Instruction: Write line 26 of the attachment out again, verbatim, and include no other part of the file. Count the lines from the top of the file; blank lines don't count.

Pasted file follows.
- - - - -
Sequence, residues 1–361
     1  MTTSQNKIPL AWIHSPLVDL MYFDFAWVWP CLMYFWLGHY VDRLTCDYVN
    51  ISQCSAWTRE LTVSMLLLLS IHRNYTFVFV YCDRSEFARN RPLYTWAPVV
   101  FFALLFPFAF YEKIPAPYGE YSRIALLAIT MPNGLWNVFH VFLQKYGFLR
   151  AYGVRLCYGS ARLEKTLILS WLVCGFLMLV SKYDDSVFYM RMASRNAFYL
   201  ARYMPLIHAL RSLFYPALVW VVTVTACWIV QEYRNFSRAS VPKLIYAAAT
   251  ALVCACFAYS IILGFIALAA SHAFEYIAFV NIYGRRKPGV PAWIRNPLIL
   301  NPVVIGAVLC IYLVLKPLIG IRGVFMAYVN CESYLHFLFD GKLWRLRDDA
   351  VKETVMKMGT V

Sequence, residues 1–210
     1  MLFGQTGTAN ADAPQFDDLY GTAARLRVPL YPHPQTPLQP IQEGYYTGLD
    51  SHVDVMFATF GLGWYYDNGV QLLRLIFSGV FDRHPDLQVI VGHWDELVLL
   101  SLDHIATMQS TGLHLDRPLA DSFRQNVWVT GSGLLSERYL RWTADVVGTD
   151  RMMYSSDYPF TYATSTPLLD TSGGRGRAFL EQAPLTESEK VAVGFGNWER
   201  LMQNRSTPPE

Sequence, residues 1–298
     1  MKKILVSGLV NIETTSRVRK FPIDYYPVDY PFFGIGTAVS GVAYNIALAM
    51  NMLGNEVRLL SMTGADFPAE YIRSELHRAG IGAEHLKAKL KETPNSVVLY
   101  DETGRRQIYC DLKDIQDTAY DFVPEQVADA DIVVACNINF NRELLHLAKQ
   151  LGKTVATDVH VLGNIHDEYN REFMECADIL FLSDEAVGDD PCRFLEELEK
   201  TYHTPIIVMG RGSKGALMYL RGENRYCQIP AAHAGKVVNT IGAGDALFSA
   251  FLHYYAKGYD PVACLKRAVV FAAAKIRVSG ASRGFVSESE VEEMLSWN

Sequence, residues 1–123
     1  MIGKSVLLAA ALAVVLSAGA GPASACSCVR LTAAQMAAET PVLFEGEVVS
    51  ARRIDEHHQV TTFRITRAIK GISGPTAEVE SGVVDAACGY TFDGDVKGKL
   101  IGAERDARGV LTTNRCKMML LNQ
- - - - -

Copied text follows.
   101  IGAERDARGV LTTNRCKMML LNQ